At the Front Door: How First Impressions Serve a Brand
First impressions deliver impact. For nearly 33 years until this week, the Direct Marketing Association demonstratively put its best foot forward through its reception steward Curley Hudson.
Whenever a member, prospective member, or guest visited the DMA office in Midtown NYC, Curley was there to greet them. Whenever a phone call was connected to a live voice off the general number, it was usually Curley with whom the caller spoke. And many, many times, Curley was one masterful ambassador when a consumer called with a concern: oftentimes, Curley transformed hostility — about “junk mail,” “annoying phone calls” and “spam” — to empowerment, hopefulness and even tranquility. (I’m sure there were some incurable complainers amid the mix.)
Year in, year out. Dozens of visitors per day — and dozens more by telephone.
DMA also made sure Curley staffed the desk at conference headquarters at the association’s annual event, bringing that same can-do attitude to all types of on-site problem-solving — making connections happen for the betterment of all.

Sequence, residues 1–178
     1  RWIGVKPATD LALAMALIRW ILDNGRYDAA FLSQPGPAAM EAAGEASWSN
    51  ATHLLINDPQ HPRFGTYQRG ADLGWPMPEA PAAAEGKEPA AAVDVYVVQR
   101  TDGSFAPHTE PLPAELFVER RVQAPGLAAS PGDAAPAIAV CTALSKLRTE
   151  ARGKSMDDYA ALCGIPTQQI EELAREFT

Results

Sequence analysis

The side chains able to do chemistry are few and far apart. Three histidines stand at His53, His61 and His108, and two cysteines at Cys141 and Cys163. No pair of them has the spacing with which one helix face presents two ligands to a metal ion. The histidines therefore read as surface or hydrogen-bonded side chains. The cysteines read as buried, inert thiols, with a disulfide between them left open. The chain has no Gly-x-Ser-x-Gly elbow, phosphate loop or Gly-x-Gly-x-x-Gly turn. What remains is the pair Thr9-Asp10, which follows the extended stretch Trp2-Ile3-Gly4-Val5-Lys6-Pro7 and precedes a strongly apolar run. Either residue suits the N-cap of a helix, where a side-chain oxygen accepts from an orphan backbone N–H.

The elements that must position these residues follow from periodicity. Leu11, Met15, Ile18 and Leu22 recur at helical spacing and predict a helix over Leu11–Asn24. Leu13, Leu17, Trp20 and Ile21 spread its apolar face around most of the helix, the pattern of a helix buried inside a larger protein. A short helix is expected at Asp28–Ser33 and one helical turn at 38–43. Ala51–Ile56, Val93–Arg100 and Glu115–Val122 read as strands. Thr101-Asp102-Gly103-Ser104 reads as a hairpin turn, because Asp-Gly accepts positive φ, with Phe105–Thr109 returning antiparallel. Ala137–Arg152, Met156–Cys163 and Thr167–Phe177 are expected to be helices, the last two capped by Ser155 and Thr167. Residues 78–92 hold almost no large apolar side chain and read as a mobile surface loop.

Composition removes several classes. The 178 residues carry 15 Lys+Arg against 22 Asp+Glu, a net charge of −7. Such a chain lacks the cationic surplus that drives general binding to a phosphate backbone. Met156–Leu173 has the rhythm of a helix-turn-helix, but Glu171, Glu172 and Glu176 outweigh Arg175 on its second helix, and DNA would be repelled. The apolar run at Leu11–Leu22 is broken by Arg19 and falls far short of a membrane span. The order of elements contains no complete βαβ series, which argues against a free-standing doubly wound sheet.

Practically everyone in our field knows Curley, or at least knows Curley’s voice, and the adjectives we use to describe her are truly ones we value: optimistic, patient, understanding, resourceful … an embodiment of the power of positive thinking.
That’s why DMA and direct marketing have been honored to have Curley on our team. She is what some might call a brand asset. But for many of us, she is a loving friend, and a steady face among constant change.
In the early 90s, during the heyday of the Total Quality Management and prior to email, my employer (DMA) gave us mirrors to place by our telephones. We taped the word “opportunity” to the handset. The goal was to remind ourselves to smile when answering the phone – because that smile is conveyed in our tone and in perception on the other end of the line. In every 1:1 connection there is indeed an opportunity, for selling, for service, for solutions, whatever we are charged with. But I already had that lesson in just watching and listening to Curley go about her work.